I began my journey into the field of Learning Technologies with a desire to empower teachers who work with underserved and underprivileged students to effectively incorporate new and emerging technologies into their pedagogy. As I wrote then, I have spent much of my teaching career working in large urban school districts, and have experienced the disconnect between the vision of educational technology integration and the challenges of serving this population of students. So, I wanted to help those teachers to maximize student interest and commitment to their learning through the tools and application of educational technology. Truth be told, however, I wasn’t entirely sure how I was going to do that; in spite of my personal teaching experience, I came in to the degree program with an incomplete understanding of learning technologies as primarily concerning the integration of audiovisual devices and multimedia tools into instruction. As Reiser (1987) reports, “most of those outside the field, as well as some of those who consider themselves to be part of it, still think of instructional technology as audiovisual devices” (p.12). Indeed, Eraut (1994) identifies early educational technologists, particularly those entering the field from audiovisual education, as ascribing to the belief that “the more audiovisual devices used, the better” (p. 1883).
However, I now have a more complete definition of the field of learning technologies as a synthesis of concepts and artifacts from the areas of audiovisual media, systems based instructional design, and individualized instruction (Resier, 1987; Eraut, 1994). Over the progression of my coursework, I have had the opportunity to learn about and gain experience working with new and emerging technologies and multimedia tools, but more importantly, I have learned how to use those tools to best achieve my career objectives. For example, central to my revised understanding of the “how-to” of learning technologies is the role of learning theory, and specifically how learning theories such as Behaviorism, Cognitivism, and Constructivism are applied to impact learner motivation and achieve instructional goals. Additionally, I have learned and explored an instructional design model to create learning that is effective, relevant, authentic, and learner-centered. Furthermore, I have had multiple opportunities to apply this model to the creation of learning tools for both students and teachers. Finally, I have had the opportunity to research issues impacting technology integration in the classroom, and have been able to design both research studies and professional development learning based upon my findings. In short, coursework in the MS-LT AOP has helped me to refine and develop a solid foundation of instructional skills and understandings upon which my career objectives can be achieved.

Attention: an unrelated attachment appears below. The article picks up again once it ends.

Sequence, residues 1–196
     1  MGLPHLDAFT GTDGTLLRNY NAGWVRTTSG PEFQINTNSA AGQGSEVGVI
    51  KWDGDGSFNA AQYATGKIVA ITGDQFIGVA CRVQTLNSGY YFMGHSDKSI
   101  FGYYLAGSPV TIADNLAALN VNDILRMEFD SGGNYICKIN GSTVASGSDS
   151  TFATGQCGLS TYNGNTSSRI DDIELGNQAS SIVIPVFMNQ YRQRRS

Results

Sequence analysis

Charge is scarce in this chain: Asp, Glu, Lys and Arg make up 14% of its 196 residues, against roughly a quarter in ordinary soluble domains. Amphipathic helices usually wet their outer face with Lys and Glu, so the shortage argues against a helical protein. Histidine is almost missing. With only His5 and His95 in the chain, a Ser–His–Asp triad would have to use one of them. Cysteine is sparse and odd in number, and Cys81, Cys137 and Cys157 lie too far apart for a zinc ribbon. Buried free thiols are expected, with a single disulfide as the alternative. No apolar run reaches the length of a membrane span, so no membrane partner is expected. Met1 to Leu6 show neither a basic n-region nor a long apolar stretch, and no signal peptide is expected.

Eraut, M. (1994). Educational technology: conceptual frameworks and historical development. Retrieved from http://courseweb.lt.unt.edu/AOP_collaborative/readings/5030/Week1/Eraut_m_1994.pdf
Reiser, R. (1987). Educational technology: A history. Retrieved from http://courseweb.lt.unt.edu/AOP_collaborative/readings/5030/Week1/reiser_r_1987.pdf